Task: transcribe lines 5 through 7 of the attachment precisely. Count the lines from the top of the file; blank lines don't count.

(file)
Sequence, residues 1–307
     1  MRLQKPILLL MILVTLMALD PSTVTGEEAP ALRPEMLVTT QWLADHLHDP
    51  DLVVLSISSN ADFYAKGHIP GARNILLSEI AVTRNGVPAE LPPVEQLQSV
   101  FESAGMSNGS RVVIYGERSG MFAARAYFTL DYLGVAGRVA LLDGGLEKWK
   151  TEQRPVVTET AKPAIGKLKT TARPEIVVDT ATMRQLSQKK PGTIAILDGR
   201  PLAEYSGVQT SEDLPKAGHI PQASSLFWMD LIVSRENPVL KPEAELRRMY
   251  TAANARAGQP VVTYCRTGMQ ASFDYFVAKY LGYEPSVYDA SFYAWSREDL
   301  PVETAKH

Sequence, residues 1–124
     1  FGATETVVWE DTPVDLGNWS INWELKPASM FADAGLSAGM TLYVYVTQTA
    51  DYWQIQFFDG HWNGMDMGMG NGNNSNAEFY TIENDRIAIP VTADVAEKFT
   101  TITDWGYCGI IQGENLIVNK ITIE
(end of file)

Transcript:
   151  TEQRPVVTET AKPAIGKLKT TARPEIVVDT ATMRQLSQKK PGTIAILDGR
   201  PLAEYSGVQT SEDLPKAGHI PQASSLFWMD LIVSRENPVL KPEAELRRMY
   251  TAANARAGQP VVTYCRTGMQ ASFDYFVAKY LGYEPSVYDA SFYAWSREDL